In general, the factors affecting the change in tibial plateau bone area over the period of our observations were consistent with those factors previously described to be associated with tibial plateau bone size in cross-sectional studies [23, 25, 28, 29]. However, in most studies tibial bone size has been measured using different tools [23, 25, 28–30]. A number of cross-sectional studies have shown that men have larger tibial bone size than women as measured by tibial plateau area , bone area at 4% of the tibial length , or articular surface area . Although in our longitudinal study we found that BMI was associated with an increased rate of increase in tibial plateau bone area, Dacre and colleagues  did not show that BMI was significantly correlated with tibial plateau width measured on radiographs. These differences may be attributable to the different measures used for assessing tibial plateau bone size.
Our measurement of tibial plateau bone area byMRI is averaged on a two-dimensional projection of the tibia. This potential source of systematic error may become especially important when individuals of different body size are compared. The measurement has high reproducibility [22–25]. However, small positional changes in the longitudinal study may have resulted in overestimation of the measurement error and underestimation of longitudinal change. Our results cannot be simply explained by positing an increase in tibial bone size due to the presence of osteophytes, because adjustment for grade of osteophytes did not alter the findings. Indeed, the rate of tibial bone expansion was associated with an increased grade of joint-space narrowing, not of osteophytes. In this study, we measured only bone size and not bone mineral density, which may be important in the initiation and progression of OA [31–33]. It has been well known that normal bone metabolism depends on the presence of vitamin D. Low intake and low serum levels of vitamin D have been shown to be associated with an increased risk for progression of knee OA , or increased incidence of radiographically identified hip OA characterized by joint-space narrowing . However, we did not take serum levels or intake of vitamin D into account in this study.
Here we have shown an expansion in medial tibial plateau bone over 2 years in subjects with mild to moderate knee OA. Consistent with this finding, previous human studies have shown changes in density and architecture of the subchondral bone in established OA [3–7]. Animal models support these findings [8–13]. In a guinea pig model of OA, trabecular remodelling was detected deep within the femoral head when only mild cartilage abnormalities were present [8, 9]. In the cruciate-deficient-dog model of OA, by the time the dogs were 3 months old the articular cartilage in the unstable knee showed both the histologic changes typical of early OA and loss of trabecular bone . These changes progressed over a period of 18 to 54 months, with subchondral sclerosis and increased thickness of the subchondral plate. By then, the differences in trabecular thickness and in surface-to-volume ratio were greater than at 3 months . These changes affect the mechanical properties of the subchondral bone and may affect the initiation and progression of cartilage degeneration [5, 13, 14]. However, at this stage it is unclear which abnormality occurs first. In addition, factors, such as knee adduction moment, which have been shown to affect the progression of knee OA, are also associated with increased medial tibial plateau area . This raises the possibility that changes in tibial bone size may mediate the effect of biomechanical factors on the pathogenesis of knee OA. Similarly, it may be that the effect of obesity on risk of knee OA is mediated via an effect on tibial bone.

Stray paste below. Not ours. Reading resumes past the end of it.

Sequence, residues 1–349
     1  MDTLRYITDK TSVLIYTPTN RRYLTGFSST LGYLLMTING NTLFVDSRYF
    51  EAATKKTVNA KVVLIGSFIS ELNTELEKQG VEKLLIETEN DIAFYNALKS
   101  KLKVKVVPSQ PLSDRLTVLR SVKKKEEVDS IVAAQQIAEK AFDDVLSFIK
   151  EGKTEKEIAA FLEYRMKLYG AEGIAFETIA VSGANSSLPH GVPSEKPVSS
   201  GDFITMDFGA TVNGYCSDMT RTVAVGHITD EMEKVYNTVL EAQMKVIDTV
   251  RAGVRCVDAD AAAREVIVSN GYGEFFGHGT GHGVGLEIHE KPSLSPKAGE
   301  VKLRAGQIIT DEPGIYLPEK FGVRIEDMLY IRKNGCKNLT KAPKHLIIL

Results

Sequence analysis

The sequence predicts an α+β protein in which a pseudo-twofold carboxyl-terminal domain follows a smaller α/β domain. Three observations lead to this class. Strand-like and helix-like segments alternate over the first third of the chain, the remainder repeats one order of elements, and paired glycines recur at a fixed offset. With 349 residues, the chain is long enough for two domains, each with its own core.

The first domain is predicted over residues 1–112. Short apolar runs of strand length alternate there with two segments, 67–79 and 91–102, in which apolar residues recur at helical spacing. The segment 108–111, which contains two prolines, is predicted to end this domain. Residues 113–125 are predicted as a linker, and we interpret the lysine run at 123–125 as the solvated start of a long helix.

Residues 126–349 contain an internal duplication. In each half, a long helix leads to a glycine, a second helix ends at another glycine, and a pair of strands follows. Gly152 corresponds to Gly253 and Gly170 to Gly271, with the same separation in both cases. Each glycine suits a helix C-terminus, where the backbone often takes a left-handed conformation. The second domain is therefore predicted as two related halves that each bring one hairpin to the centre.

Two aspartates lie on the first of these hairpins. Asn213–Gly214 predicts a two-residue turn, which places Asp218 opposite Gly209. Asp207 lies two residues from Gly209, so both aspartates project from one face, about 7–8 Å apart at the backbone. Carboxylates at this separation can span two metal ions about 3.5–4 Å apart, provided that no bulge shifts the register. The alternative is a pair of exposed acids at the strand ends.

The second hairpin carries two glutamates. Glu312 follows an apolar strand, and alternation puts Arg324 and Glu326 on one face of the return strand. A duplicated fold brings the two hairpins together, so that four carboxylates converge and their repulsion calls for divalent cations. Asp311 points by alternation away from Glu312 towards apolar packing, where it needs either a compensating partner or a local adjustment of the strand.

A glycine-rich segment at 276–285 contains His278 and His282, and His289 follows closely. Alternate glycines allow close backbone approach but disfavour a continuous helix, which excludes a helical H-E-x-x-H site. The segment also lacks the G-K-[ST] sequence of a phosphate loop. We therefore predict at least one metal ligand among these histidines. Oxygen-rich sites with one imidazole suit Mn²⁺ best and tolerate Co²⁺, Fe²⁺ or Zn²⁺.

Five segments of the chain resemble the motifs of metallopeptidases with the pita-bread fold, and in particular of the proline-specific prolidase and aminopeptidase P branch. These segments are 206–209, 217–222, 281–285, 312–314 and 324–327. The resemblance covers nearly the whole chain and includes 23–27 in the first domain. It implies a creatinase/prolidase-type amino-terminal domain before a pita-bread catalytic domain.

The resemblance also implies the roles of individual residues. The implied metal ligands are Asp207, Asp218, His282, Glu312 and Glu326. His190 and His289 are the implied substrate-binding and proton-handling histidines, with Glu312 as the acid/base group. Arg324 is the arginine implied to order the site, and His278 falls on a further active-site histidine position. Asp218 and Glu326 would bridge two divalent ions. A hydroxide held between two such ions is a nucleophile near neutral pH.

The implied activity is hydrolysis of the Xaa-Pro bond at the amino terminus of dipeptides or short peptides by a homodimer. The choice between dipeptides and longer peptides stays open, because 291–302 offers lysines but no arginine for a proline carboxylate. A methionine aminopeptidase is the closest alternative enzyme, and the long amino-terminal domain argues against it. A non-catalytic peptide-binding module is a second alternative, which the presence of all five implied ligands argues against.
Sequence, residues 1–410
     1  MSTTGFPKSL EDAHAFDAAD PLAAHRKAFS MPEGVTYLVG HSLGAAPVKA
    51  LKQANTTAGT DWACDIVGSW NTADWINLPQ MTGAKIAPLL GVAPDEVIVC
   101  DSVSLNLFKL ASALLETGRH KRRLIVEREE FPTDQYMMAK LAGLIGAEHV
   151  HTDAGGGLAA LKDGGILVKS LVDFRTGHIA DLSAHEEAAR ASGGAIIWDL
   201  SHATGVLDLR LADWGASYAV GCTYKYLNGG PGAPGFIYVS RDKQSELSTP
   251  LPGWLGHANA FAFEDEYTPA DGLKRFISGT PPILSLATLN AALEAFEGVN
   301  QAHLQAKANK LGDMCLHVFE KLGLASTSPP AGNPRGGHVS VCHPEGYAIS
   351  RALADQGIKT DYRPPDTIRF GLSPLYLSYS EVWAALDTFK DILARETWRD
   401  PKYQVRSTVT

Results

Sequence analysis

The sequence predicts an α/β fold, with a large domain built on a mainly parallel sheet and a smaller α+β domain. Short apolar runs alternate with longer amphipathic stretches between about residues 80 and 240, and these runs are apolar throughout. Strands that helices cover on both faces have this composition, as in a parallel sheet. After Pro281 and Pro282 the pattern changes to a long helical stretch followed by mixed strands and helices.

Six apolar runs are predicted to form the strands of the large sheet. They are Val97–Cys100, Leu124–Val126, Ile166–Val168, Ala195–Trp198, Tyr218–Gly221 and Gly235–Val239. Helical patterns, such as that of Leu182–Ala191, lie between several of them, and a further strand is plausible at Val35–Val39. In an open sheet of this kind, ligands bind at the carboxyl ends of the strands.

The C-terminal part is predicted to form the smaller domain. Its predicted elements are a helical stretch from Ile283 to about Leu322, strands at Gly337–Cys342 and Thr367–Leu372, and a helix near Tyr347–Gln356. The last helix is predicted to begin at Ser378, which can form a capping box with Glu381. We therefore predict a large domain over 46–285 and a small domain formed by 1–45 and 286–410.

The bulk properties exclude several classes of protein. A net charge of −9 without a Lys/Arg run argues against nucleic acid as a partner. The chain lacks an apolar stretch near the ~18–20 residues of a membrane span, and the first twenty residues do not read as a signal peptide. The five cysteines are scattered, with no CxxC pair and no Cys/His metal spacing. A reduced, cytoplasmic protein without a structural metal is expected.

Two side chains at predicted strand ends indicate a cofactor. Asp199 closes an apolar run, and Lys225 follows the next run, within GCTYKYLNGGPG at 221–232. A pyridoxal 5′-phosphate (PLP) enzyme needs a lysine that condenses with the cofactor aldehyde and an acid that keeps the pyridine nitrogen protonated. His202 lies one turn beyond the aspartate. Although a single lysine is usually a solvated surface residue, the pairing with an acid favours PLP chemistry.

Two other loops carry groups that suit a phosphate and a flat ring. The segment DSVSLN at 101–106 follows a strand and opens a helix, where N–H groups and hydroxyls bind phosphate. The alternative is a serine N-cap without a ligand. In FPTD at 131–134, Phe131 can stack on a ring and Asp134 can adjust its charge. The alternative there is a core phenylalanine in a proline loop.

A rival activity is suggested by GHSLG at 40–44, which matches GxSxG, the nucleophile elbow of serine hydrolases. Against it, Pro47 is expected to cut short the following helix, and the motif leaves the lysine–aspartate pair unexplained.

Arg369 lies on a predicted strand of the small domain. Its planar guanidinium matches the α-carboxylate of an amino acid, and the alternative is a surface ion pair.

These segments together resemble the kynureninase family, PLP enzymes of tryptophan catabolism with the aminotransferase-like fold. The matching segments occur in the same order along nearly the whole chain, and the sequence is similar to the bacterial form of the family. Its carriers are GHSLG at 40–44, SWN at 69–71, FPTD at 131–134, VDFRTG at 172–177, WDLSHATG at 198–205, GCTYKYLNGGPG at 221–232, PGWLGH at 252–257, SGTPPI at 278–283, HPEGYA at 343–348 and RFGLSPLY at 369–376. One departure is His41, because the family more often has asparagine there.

We have previously reported that bone size was an independent predictor of knee cartilage volume . However, average tibial plateau bone area was not associated with the rate of tibial cartilage loss . Subjects with knee OA experience a loss of tibial cartilage volume, independent of tibial bone size, and an increase of tibial plateau bone area in the knee. This would tend to result in attenuation of articular cartilage over time. This may result in biomechanical changes at the knee as OA progresses, which may further contribute to the pathogenetic process. The mechanism for the bone changes is not known but may be a combination of biomechanical and systemic factors. For example, higher levels of transforming growth factor β and of insulin-like growth factors 1 and 2 may provide a 'bone-forming' stimulus in subjects with OA [37–39], which could explain the larger bone size in OA.
In subjects with established knee OA, tibial plateau bone area increases over time. The role of subchondral bone change in the pathogenesis of knee OA will need to be determined but may be one explanation for the mechanism of action of risk factors such as BMI on knee OA.
= body mass index
= magnetic resonance imaging/image
= 36-Item Short-Form Health Survey
= Western Ontario and McMaster Universities Osteoarthritis Index.
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The author(s) declare that they have no competing interests.
All authors participated in the design of the study. YW carried out the measurement of the tibial plateau bone areas, performed the statistical analysis, and drafted the manuscript. AW and FC reviewed the manuscript. All authors read and approved the final manuscript.